Cash, Trends and Denial

David P. Haney highlights some of the key early warning signs of financial trouble that higher education institutions often miss.

May 23, 2019
 
 
Southern Vermont College

With the recent news that Southern Vermont College will close -- following announcements by Green Mountain College, Newbury College and Mount Ida College, as well as the highly publicized financial problems at Hampshire College -- the role of regional accreditors in monitoring institutions’ financial stability has come into focus. Southern Vermont’s announcement came after a warning from the New England Commission of Higher Education that the college’s accreditation was in jeopardy because of financial problems.

People have raised concerns that accreditors have increased their scrutiny of financial issues, especially in the New England region, which has a heavy concentration of higher education institutions and a declining college-age population. The commission’s president, Barbara Brittingham, has, in fact, stated that “there are higher expectations than in the past.”

The commission should be commended for acting decisively in this case; too often regional accreditors do not warn financially troubled institutions soon enough. All regional accreditors publicly post their institutions’ accreditation status, with varying levels of detail, indicating problems and required follow-up. But in an unscientific survey of such statements about institutions that have been in the news recently for their financial woes, I found a surprising number of accrediting statements that do not mention inadequate financial resources as a problem -- even in statements posted only a few years before the bad financial news.

For example, Newbury College in Brookline, Mass., was judged “in substantial compliance with the Commission’s Standards for Accreditation” in March 2016, but it was put on probation for inadequate resources a little over two years later and then closed several months after that. Similarly, Wright State University’s reserves had shrunk by $130 million in five years by this past February, but their July 2016 report from the Higher Learning Commission put them on notice only for issues unrelated to inadequate financial resources. Sweet Briar College, whose near closure in 2015 was widely reported, was put on warning by its accreditor, the Southern Association of Colleges and Schools Commission on Colleges, in 2018. But the accreditor took no action in the time leading up to the institution’s 2015 closure announcement. Ironically, the forensic accountant hired by Saving Sweet Briar (the alumnae-led group that was responsible for reopening the college) wrote that as of August 2014, the accreditor had not flagged the institution, and therefore its financial situation could not be as dire as the then president and board claimed.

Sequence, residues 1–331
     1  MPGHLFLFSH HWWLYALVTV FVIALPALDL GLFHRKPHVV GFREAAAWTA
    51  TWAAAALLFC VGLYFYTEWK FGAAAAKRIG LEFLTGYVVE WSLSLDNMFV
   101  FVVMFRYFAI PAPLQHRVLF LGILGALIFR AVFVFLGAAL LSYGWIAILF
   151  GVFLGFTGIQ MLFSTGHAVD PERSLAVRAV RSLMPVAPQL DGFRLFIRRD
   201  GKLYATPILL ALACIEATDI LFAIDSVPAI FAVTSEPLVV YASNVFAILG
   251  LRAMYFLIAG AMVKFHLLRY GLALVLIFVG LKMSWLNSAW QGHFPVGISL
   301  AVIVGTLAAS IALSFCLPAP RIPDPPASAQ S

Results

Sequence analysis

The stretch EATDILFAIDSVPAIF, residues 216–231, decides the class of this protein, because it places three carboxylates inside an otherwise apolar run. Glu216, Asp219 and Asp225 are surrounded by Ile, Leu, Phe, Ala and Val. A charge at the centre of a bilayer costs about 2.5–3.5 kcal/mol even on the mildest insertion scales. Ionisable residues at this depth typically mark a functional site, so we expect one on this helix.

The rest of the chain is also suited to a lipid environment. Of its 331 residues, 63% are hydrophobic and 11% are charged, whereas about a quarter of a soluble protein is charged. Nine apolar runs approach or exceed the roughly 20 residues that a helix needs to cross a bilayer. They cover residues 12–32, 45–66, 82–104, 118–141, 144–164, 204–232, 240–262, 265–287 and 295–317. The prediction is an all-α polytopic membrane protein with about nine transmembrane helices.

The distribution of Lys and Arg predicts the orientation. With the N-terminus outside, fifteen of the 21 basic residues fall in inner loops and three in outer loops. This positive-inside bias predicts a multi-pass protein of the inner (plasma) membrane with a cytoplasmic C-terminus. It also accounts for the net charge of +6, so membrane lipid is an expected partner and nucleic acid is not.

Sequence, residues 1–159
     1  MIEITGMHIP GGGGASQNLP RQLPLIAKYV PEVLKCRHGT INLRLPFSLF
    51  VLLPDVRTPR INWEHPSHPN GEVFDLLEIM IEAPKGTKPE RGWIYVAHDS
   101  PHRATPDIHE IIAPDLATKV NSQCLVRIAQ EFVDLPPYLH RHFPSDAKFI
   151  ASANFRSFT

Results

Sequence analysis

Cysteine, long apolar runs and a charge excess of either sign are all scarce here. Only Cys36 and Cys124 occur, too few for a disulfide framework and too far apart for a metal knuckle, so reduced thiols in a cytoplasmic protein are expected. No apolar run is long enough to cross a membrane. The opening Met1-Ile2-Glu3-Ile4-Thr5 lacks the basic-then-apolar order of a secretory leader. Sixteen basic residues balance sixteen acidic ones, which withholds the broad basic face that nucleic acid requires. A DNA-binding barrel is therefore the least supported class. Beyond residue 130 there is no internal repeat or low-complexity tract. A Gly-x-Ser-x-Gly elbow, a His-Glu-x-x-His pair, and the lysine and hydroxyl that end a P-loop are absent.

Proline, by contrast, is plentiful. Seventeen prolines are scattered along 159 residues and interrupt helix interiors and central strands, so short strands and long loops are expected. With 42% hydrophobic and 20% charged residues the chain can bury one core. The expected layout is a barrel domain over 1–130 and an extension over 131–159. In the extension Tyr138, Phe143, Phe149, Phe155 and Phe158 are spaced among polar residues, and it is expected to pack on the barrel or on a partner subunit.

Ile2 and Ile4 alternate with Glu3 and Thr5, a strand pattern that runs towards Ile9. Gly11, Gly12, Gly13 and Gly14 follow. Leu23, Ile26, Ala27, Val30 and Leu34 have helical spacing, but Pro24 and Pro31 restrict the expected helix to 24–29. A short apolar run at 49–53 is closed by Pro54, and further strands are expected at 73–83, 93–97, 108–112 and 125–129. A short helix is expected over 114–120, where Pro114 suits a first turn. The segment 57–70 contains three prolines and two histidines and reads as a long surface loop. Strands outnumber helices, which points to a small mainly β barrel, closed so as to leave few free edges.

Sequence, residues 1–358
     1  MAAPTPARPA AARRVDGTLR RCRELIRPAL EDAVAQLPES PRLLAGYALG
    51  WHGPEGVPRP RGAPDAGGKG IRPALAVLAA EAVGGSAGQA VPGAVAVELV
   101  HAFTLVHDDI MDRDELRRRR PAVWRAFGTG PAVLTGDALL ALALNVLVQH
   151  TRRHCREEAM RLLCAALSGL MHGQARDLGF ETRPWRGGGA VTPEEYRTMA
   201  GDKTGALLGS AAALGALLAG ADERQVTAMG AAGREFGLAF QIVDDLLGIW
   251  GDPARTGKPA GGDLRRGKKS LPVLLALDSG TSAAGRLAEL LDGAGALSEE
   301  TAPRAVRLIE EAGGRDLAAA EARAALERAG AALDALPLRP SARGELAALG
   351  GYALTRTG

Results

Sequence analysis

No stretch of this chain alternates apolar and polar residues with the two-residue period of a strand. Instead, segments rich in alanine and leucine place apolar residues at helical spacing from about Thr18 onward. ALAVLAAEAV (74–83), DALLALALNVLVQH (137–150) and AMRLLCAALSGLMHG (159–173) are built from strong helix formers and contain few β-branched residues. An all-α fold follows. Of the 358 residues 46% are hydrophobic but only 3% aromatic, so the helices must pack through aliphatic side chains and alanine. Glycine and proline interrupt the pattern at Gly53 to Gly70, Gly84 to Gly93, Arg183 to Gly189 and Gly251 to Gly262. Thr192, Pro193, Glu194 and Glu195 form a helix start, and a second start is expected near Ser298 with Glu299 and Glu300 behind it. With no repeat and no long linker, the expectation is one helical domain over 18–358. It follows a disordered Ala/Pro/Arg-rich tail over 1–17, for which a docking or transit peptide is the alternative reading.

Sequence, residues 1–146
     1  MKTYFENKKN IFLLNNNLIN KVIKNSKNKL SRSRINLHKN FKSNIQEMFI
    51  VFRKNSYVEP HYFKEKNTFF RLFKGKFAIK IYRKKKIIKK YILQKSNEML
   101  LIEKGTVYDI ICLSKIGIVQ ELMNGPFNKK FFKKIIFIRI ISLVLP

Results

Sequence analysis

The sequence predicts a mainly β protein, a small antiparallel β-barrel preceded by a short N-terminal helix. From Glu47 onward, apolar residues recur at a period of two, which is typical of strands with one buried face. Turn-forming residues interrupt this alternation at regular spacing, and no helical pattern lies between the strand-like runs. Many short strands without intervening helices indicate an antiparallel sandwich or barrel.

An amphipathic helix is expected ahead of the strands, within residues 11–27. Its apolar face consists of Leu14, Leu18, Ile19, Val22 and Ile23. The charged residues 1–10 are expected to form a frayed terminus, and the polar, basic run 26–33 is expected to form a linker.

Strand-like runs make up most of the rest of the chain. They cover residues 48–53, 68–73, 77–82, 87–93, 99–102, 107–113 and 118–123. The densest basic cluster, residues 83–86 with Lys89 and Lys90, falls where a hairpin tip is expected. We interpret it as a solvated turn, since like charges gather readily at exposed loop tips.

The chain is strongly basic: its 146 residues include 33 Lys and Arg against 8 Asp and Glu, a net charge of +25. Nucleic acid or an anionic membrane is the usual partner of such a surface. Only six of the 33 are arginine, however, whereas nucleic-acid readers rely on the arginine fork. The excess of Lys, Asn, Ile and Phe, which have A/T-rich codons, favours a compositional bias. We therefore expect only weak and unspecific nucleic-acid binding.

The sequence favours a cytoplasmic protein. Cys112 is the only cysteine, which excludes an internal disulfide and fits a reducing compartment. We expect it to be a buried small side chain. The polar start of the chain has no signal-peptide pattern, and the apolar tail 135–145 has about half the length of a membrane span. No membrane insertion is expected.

Unfortunately, however, that logic doesn’t work. I have been closely engaged in regional accreditation as a senior institutional administrator with accreditation responsibilities or as a reviewer for a regional accreditor in four of the major accreditation regions in the United States. My experience suggests the following three reasons for a failed early warning system for financial difficulty:

Failing to respect the importance of cash. Tuition-dependent institutions, which include most private colleges without large endowments and an increasing proportion of public institutions, are essentially cash operations. Colleges don’t close because they lack assets; they close because they run out of cash. But with the accrual-based accounting systems that they all use, which commingle cash and noncash assets in various ways, even a balanced budget can hide serious cash-based problems.

For example, I know of an institution that accepted about $1 million a year in “gifts in kind” -- donated horses for an equestrian program -- that had no cash value once they reached campus. (If their owners could have sold these horses, they would not have been donated.) From an accounting perspective, it is perfectly legitimate to count such gifts as revenue, but unless the institution has a $1 million cash surplus, a balanced budget on these terms hides a $1 million annual cash deficit. Unless the president and chief financial officer think in terms of cash, it can dwindle quickly.

Failing to consider the long-term implications of financial decisions. Consider this scenario: a college raises $23 million in cash and pledges for a new building. Because $14 million of the money raised is in pledges to be paid to the college in future years, the college takes out a $14 million construction loan to complete the building.

That’s a fairly standard procedure. Legally, the donors’ wishes have been fulfilled when the building is built, even though all the money is not yet in, so as the pledges are fulfilled, the college converts those funds to operating cash instead of using them to pay back the construction loan. (Although this is legal, it is unethical, but that is a separate internal and accreditation issue.) The construction loan is then refinanced and disappears into the rest of the college’s long-term debt.

For a few years everything is fine -- there is plenty of cash to be converted from restricted to unrestricted funds. So the president and board don’t worry about (or worse, are unaware of) the fact that that the real operational revenue taken in is smaller than the outgoing cash expenses by a few million dollars a year. Situations like this can be hidden from the board and even from a financially naïve president.